To create this, I added two columns to the spreadsheet available from Shiller at .  The two columns are a 10 year earnings yield (i.e. the “Shiller Yield”) and the ACTUAL 10 year yield of the S&P from the listed date forward (called “S&P Yield”).

Earnings Yield is just the inverse of a Price to Earnings ratio. 

Even though the S&P is more volatile, the average monthly variance between the projected Shiller and actual S&P yields is only 2.78%.  As a wise old friend used to say, “that’s close enough for government work.”

The problem is, HOW to use it.

That 1999 to 2009 bottom is pretty clear on the graph.

But it would be inappropriate to use that tiny hiccup on the 2013 projection (from 2003) to try to anticipate a correction in 2013.  We might have one, but trying to TIME a short term move based on a tiny blip in a ten year smoothed average is something no one should ever try to do.

Such a projection is highly irresponsible for two reasons: first, the S&P sometimes disconnects for years from the Shiller Yield; and second, in this age of competitive quantitative easing, no one can even estimate what a correction would look like.

So who would make such a mistake?

You’ll see something similar to my Shiller Yield on that article.

Now, I LIKE Hussman – a lot.  But I’m going to pick on him here.  Hussman is usually spot on with his decade long analysis.  His explanations of the present liquidity trap Bernanke has put himself into are quite insightful.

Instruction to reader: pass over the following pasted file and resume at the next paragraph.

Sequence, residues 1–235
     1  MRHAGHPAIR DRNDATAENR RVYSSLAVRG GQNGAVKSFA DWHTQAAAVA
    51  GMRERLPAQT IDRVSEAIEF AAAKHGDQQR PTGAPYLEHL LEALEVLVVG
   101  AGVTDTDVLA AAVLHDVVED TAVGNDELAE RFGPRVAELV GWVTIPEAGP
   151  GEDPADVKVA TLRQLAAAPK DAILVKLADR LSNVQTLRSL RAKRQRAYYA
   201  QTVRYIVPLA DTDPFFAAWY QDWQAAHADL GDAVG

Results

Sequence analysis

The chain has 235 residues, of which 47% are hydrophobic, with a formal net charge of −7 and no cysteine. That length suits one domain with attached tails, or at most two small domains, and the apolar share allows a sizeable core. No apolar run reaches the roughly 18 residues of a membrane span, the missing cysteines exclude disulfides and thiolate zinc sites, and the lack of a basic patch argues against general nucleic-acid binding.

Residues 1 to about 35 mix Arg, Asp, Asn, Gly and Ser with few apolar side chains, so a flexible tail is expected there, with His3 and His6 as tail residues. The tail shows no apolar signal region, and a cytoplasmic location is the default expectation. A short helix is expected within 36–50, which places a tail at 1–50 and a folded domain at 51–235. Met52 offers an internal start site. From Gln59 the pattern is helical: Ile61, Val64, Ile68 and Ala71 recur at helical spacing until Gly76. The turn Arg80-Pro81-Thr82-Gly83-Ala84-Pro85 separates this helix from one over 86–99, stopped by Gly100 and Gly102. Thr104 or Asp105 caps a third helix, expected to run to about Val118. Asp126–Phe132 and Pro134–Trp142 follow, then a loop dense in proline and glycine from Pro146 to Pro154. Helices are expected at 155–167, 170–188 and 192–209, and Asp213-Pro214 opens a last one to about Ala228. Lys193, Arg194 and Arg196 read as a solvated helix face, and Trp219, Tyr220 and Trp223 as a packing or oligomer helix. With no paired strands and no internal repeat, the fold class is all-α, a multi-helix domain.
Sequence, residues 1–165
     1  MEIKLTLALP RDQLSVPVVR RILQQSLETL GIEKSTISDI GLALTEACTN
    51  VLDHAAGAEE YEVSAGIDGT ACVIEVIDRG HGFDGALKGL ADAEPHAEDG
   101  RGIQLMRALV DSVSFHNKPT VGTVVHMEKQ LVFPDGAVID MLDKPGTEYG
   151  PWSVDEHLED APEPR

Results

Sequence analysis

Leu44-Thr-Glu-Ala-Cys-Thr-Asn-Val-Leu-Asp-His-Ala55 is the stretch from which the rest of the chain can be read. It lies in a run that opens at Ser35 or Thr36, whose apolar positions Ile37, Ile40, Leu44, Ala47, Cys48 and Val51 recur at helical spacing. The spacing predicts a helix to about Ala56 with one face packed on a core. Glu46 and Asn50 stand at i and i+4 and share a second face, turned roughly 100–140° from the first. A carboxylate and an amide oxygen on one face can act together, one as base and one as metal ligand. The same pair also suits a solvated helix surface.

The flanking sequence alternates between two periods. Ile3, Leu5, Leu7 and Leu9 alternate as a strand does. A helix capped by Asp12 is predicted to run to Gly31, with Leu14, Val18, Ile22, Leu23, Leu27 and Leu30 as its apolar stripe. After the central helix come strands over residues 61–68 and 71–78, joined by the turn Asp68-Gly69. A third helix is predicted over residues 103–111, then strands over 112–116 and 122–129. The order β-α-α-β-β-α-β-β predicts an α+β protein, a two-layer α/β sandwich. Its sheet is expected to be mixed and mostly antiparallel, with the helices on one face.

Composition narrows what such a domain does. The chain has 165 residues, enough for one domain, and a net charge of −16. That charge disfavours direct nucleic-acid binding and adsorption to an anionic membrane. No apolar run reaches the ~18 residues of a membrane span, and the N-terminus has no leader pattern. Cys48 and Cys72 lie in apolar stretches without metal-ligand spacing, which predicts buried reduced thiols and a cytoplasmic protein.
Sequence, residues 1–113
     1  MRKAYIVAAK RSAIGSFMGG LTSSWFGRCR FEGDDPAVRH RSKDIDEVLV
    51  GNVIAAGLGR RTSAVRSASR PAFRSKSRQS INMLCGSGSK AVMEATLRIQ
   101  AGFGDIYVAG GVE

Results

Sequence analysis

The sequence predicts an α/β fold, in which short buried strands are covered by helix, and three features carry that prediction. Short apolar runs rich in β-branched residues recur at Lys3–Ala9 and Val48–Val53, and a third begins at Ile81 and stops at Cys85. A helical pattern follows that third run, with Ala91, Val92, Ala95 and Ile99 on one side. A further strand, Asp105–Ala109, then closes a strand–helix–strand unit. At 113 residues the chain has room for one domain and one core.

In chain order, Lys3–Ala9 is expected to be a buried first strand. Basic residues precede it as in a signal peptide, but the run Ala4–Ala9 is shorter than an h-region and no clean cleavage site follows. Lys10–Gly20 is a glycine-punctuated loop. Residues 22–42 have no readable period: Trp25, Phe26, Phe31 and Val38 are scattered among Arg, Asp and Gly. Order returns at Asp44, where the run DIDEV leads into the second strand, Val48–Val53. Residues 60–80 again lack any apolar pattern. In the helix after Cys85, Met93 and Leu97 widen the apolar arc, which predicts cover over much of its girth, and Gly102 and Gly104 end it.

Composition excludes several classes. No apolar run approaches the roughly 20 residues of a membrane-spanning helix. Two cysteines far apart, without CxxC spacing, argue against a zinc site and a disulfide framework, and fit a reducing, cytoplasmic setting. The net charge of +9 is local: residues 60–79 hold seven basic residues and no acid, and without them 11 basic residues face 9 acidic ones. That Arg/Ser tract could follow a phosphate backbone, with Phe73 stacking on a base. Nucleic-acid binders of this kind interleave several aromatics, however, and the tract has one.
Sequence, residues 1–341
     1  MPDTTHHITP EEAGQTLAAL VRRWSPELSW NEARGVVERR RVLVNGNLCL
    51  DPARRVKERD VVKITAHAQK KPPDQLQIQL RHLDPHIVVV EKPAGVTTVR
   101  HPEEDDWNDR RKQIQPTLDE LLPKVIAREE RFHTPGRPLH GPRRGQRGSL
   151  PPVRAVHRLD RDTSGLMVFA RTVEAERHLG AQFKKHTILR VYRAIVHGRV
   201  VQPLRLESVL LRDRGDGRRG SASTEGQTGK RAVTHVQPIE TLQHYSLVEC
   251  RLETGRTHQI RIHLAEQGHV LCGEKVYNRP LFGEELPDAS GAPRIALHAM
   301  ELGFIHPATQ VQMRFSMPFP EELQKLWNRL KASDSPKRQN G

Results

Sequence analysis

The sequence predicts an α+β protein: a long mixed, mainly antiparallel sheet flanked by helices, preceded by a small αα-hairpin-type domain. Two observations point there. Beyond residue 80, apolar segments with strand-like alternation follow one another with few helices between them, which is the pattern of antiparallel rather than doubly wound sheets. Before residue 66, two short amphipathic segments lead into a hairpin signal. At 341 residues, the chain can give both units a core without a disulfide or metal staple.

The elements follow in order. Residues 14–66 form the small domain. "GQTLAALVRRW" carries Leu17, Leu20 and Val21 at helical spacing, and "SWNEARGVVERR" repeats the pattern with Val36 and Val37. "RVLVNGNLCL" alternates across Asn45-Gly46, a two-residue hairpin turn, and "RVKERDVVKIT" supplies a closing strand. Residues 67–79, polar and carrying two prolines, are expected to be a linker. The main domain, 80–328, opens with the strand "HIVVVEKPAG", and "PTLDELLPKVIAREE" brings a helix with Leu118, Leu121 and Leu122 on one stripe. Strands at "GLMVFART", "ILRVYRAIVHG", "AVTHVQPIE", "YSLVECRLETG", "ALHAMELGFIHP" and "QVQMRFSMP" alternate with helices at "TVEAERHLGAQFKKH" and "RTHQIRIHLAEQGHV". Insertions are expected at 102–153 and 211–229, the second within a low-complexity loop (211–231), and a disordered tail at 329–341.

But Hussman makes the mistake of trying to use these ten year analyses to estimate the next quarter.

Even worse is the simple fact that there is a problem with the Shiller Yield that can never be properly adjusted for: the Shiller Yield is never negative, not in its entire 150 year history.  Even at the 1929 top, the Shiller Yield was still above 102%.

If you use the Shiller Yield, you’ll always be long – and I mean, ALWAYS.

Hussman isn’t always long.  In fact he’s been very heavily hedged for most of this 2009 to present bull run-up.

So, he uses a very long term indicator that’s always long to figure out when to go… short?

And he argues that Bernanke is trapped in QE and then invests as if Bernanke… isn’t?